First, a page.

Regards From Serbia

Susan Tomaselli on 3AM has a feature on Aleksandar Zograf’s Regards From Serbia, published earlier this year by Top Shelf (link via Marko at Neorama). I’ve been reading Regards myself recently and found it fascinating – the strife in the Balkans is quite recent history of course and it gave me a peculiar feeling as I read it because I remember following the events on the news throughout the 90s, while many friends would also watch and comment sadly how they had just been on holiday to that part of what had been Yugoslavia only a year or two before those events.

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As I read on that peculiar feeling increased; half-remembered events from the BBC news resurfacing in my memory contrasted against Zograf’s first-hand accounts from ‘the other side’ (as he tells an American during a trip abroad, he’s from Serbia, the ‘bad guys’!) – it isn’t just that he describes the surreal nature of living under threat of bombings and the ranting and spin of politicians (in the West as much as in Serbia, all full of justifications for their actions, all ignoring the harm to civilians they caused), it’s seeing events from the news reports we saw in the UK but from the perspective of someone who lived there. While NATO commanders and US and UK politicians cheerfully told us that we were using precision weapons to surgically strike only specific targets, the reality of being at the other end of a ‘precision’ raid is somewhat different. Precision is a very flexible term, especially when presented a military campaign to a cynical public sensitive to civilian suffering (although Zograf still manages to inject humour into this grim situation).

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Of course when you read Regards From Serbia it puts you in mind of other works, notably Joe Sacco’s comics war reporting, but I think Regards stands on its own – the fact that Zograf is describing his own home adds much to the impact of the book; how would we feel if the place we had lived all our lives suddenly became a war zone? Not something that would happen to us? Well, I seem to recall before the struggle in the Balkans most of us assumed we’d never see large-scale armed conflict in Europe again… The surreal nature of trying to lead as normal a life as he can during abnormal events lends the whole thing a dreamlike – or nightmarish – quality, something Zograf exploits openly, taking the darker dreams he has during the war as raw material for the comic strip. In some ways the surreal and often absurd nature of wartime events and the humour used to deal with them reminded me a bit of Spike Milligan’s war memoirs. On the art front there’s a lot of heavy, black ink which seems appropriate to the subject matter in the same way black and white film seems more suited for serious documentaries. Zograf’s characters are often seen from a side-on perspective, only one, large, oval eye visible in profile, reminiscent slightly of classical Egyptian art but also very much (to me at least) of Pablo Picasso and several times I found his scenes reminding me of Picasso’s powerful and terrifying nightmare vision of war in Guernica.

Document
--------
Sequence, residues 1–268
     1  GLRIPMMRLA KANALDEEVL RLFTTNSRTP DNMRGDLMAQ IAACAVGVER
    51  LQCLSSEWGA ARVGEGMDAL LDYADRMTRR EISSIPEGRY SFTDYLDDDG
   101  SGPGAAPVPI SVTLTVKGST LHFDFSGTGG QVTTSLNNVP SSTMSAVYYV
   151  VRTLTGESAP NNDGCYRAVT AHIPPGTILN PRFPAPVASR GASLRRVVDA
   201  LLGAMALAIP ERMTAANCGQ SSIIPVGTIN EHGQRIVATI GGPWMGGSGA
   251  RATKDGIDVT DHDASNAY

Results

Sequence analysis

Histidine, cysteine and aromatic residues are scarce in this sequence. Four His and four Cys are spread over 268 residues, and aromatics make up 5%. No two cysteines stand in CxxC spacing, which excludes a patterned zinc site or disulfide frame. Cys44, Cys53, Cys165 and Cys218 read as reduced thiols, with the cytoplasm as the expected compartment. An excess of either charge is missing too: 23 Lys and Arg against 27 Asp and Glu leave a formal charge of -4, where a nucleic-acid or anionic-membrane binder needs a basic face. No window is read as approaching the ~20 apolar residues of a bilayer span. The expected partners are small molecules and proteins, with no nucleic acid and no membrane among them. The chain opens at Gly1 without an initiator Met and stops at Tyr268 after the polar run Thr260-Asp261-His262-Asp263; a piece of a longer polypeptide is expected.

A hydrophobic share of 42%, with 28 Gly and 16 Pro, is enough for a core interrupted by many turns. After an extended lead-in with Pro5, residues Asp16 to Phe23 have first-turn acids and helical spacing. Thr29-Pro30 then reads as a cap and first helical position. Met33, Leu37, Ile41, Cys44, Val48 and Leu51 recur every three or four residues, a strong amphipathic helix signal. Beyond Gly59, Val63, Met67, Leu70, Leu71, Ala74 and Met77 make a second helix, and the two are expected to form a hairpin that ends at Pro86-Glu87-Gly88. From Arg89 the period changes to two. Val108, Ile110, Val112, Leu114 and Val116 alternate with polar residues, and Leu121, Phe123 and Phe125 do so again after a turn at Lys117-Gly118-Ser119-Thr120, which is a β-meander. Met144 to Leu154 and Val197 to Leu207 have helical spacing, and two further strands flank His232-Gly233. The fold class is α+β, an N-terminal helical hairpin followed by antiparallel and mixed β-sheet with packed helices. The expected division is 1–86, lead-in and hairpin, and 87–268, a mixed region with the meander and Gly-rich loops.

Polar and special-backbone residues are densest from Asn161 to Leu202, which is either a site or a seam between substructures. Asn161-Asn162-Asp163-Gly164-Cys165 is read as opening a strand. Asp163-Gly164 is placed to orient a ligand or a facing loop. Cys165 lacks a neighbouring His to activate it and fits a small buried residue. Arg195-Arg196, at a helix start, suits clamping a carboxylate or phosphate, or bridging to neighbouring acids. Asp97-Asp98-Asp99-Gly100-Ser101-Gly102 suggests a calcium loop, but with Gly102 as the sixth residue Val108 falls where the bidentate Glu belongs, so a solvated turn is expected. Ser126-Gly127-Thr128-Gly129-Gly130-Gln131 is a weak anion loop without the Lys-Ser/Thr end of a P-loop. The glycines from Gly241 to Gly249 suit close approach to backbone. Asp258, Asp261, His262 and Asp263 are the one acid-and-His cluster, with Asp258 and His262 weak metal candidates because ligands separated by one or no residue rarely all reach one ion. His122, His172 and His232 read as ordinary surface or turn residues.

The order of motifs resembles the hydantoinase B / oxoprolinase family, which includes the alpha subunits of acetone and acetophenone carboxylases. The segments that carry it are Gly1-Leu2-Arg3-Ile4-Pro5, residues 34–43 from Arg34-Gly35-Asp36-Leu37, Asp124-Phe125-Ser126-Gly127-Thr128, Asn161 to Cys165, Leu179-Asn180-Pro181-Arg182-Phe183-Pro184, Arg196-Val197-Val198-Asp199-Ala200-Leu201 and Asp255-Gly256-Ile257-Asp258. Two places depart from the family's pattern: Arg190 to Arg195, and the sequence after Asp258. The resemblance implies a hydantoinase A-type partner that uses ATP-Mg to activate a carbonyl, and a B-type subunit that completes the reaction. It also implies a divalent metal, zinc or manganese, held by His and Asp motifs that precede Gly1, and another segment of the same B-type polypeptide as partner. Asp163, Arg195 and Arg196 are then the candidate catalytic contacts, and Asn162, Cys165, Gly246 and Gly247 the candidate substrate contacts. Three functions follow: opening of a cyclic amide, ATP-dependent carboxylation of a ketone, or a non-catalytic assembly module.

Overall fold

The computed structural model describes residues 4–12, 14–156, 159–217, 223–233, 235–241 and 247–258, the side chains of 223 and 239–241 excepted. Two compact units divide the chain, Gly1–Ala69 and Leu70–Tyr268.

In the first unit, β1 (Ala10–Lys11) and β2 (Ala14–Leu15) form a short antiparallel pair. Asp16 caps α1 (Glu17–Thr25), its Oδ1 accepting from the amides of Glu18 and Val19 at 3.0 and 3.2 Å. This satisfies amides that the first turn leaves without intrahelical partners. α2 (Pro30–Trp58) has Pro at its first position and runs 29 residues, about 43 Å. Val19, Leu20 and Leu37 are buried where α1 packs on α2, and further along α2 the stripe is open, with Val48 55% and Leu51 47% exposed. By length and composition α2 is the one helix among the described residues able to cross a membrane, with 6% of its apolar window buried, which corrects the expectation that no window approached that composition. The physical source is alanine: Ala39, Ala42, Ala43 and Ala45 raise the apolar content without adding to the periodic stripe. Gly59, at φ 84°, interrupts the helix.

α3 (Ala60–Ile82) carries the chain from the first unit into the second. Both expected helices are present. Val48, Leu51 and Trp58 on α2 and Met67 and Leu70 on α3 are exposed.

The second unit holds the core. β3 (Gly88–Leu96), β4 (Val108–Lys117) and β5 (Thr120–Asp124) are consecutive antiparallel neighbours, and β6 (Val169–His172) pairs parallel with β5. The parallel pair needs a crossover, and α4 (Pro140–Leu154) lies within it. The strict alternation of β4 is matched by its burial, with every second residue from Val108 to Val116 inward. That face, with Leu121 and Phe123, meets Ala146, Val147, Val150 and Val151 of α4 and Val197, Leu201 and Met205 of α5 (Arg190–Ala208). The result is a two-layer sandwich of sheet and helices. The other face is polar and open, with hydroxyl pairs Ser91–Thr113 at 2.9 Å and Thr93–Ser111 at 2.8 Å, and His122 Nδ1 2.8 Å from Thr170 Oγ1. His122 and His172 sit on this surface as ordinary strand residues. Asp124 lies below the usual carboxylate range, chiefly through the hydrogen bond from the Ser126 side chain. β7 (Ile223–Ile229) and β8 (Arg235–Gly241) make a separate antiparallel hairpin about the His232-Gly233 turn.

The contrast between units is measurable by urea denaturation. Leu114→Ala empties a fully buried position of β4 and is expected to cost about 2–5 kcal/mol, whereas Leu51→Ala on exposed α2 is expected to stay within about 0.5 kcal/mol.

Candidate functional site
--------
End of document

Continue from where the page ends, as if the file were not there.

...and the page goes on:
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A large section has been included by Top Shelf reproducing many emails back and forth from Zograf to friends and fellow comics creators in the rest of the world (when the power was on and when the net access wasn’t being blocked by the West); I know some thought this distracted from the comics, but personally I thought it was a good idea, adding to the very personal perspective on the events (I also enjoyed Monty Python’s Terry Jone’s contribution). And that personal perspective is the heart of Regards From Serbia; Zograf never pretends to be a reporter or historian – he presents the events that went on around him and his family and friends, their thoughts, feelings, hope and fears, from a very personal and emotional place, presenting us with an insight a more impartial news report of history text never could.

It Was the War of the Trenches: Jacques Tardi’s WWI masterpiece

It Was the War of the Trenches

By Jacques Tardi

Published by Fantagraphics